Saturday, May 25, 2013

Pleasantly surprised with a Windows 8 device.

Windows 8 has come in for a lot of criticism:

  • Not having a start button
  • Forcing the Tile interface on everyone
  • The touchscreen interface is useless on most current devices that people own
  • The number of steps it takes to power the device off.
  • etc...
A number of these are legitimate gripes but I was recently testing the new HP Elitebook Revolve 810 and got to experience Windows 8 first hand on a device designed for it and found myself quite pleasantly surprised.  (Disclaimer - I have used Windows all my computing life and have never used a Mac and thus this post is NOT about Windows vs. Macs).

I have used an iPad, a Motorola Xoom tablet, a Blackberry, a Motorola Razr smartphone and an iPhone 5. Frequently I carry a backpack with a laptop and a tablet and have the iPhone 5 in my pocket.  

On a plane the tablet is great because: 

  • The size 
  • Rapid boot up and shut down
  • Games
  • Ease of reading and doing some annotations
Once you get to a destination like a meeting, you do need the full computer functionality of a laptop.

HP Elitebook Revolve 810

The HP Revolve is as close to the ideal between the tablet and computer that it can get.  While it does not have most of the apps that I use on my iPad or Xoom tablet, it does not need most of them.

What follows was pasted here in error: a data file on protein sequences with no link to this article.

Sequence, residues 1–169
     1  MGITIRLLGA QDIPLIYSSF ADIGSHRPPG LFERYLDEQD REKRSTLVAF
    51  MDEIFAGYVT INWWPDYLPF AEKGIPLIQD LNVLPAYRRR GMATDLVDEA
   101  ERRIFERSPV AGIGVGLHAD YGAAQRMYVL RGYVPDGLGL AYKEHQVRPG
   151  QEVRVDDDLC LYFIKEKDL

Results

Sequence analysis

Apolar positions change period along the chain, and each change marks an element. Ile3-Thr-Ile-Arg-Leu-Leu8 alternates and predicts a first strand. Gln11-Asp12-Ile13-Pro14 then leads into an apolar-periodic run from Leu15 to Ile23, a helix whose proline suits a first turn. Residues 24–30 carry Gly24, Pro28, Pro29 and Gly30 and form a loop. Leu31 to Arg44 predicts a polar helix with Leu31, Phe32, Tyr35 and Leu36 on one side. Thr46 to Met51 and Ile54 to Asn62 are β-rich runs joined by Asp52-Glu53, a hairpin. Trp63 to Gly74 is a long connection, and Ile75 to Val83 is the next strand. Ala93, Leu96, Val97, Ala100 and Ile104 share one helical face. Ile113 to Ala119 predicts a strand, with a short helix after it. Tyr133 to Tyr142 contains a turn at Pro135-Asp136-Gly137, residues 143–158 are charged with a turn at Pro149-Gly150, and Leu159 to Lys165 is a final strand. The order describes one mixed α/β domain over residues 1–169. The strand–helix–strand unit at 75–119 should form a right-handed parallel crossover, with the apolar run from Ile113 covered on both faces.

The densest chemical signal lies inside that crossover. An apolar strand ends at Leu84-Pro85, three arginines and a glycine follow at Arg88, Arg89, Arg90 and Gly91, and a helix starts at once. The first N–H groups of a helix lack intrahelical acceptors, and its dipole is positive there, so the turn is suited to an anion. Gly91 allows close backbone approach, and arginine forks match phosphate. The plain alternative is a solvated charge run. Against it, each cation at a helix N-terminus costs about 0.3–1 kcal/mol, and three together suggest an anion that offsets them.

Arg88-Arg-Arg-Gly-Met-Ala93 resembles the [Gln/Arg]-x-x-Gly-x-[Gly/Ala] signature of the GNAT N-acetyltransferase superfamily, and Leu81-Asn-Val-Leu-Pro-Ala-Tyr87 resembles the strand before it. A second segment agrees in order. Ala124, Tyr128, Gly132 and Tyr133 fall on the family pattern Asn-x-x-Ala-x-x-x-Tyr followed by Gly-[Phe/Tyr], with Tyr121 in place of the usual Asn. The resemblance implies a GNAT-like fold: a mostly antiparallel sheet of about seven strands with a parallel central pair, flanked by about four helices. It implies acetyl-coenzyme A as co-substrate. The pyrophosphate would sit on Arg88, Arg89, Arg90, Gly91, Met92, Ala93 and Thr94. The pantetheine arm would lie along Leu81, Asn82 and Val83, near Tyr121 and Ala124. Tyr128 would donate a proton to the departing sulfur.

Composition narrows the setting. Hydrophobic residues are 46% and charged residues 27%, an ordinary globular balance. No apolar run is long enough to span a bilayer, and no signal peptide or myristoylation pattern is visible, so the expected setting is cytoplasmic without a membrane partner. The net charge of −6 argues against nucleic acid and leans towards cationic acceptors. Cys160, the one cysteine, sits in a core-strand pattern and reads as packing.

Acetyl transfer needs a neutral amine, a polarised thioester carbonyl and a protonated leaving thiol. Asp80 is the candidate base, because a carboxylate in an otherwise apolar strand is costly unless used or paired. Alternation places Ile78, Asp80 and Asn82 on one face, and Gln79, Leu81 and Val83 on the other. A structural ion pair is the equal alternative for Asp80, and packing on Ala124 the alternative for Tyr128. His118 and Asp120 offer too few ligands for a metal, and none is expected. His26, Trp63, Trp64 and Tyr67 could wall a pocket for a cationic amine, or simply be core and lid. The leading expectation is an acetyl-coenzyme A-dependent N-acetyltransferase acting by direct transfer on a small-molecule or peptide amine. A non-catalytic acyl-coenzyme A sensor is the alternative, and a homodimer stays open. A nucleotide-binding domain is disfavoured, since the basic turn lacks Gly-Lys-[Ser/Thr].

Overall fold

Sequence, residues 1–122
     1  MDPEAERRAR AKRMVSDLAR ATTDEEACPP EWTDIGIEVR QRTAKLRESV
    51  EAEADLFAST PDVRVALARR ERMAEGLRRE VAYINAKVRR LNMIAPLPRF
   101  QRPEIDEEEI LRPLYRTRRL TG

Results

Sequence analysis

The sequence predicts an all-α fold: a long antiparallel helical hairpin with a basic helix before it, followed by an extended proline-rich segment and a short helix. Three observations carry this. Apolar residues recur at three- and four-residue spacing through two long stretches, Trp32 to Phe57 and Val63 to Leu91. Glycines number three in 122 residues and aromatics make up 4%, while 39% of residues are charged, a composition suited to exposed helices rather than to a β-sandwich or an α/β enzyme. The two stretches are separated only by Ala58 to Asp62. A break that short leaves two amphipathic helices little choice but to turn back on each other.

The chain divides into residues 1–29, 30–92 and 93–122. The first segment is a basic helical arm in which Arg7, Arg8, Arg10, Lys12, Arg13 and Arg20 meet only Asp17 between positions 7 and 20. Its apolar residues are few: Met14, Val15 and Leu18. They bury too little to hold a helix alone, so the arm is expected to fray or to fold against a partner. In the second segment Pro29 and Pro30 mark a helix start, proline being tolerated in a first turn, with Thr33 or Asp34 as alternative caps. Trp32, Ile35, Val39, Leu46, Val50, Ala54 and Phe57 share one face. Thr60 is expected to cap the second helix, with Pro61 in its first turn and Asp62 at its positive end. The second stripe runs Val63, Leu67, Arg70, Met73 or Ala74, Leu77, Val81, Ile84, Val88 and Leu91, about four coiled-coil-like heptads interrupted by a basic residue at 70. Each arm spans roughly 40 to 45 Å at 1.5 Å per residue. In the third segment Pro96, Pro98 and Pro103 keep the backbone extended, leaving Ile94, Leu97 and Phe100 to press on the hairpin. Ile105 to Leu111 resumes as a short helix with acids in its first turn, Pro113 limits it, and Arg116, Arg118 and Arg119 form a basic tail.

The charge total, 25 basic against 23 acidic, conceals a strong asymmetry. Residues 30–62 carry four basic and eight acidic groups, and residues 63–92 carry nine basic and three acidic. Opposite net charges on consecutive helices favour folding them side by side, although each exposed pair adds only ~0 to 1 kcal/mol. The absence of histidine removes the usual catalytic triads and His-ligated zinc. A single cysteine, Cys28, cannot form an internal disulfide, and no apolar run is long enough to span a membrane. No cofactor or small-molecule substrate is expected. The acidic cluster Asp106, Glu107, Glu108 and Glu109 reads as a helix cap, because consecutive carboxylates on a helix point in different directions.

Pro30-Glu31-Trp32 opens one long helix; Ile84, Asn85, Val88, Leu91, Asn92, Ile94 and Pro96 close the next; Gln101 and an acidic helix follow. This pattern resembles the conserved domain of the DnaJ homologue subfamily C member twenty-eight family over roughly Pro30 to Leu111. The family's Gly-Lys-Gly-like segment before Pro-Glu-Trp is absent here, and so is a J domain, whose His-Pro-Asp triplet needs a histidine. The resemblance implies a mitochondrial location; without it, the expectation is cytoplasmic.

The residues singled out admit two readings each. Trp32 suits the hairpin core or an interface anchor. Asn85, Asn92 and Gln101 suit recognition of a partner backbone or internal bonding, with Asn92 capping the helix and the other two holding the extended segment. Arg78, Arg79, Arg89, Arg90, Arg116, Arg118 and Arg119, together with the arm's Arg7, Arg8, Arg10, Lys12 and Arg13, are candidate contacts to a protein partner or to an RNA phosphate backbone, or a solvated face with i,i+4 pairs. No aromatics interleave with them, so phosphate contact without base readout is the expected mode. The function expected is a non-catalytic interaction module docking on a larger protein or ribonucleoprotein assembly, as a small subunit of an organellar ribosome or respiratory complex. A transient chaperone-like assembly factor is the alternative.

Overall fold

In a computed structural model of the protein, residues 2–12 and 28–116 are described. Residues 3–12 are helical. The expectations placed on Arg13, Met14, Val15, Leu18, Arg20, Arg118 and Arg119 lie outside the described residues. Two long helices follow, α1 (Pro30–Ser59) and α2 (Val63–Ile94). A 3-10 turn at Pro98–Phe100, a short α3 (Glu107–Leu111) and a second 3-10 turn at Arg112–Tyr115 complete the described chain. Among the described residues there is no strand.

What I liked about it:

  • The size - folded down it it just about the size of a tablet
  • The lightening fast boot up and shut down (SSD)
  • The multifunctional touchpad with 1,2 and 3 finger gestures
  • The full keyboard
  • The full functionality of a regular laptop
  • The news, weather, and Office apps
  • OneNote with ability to draw, write with a finger and handwriting recognition
  • The lighted touchpad - detects whether you are using it or not and turns off and on as needed automatically

What did I not like?

  • The lack of a VGA out - has a HDMI out so needs a special dongle
  • The touch pad is large and till I figured out how to change the settings, it kept moving my cursor to random places as I was typing due to my palm contact.
  • The lack of apps 
  • The WiFi is somewhat finicky.  It kept dropping intermittently till I tweaked the settings.  Now it is better but still needs a reset of the WiFi adapter at times.
  • The resolution is a bit underwhelming for such an expensive device.
The revelation for me has been how often I ended up using the touchscreen rather than the touch pad as I was typing or surfing.  Having to move the cursor from one end of the screen to the other and then having to click on something suddenly started to feel inefficient compared to just touching the screen.  Whenever the object to be clicked was large enough, I found myself instinctively skipping the touch pad.

This configuration of the Acer R7 now makes sense 

As I was realizing this, I saw the Acer R7 which has a phenomenal design. The touch pad and the keyboard positions are reversed and the hinge allows the screen to be pulled forward and thus eliminates the touch pad completely if the user desires.  This started to make sense based on my own 2 week experience.  

As the next generation of devices designed for Windows 8 start coming out, I expect to skip having to carry the tablet around.  Many people already own a tablet; I would not be surprised if their next purchase would be one of these new Win 8 convertibles or the Surface Pro.

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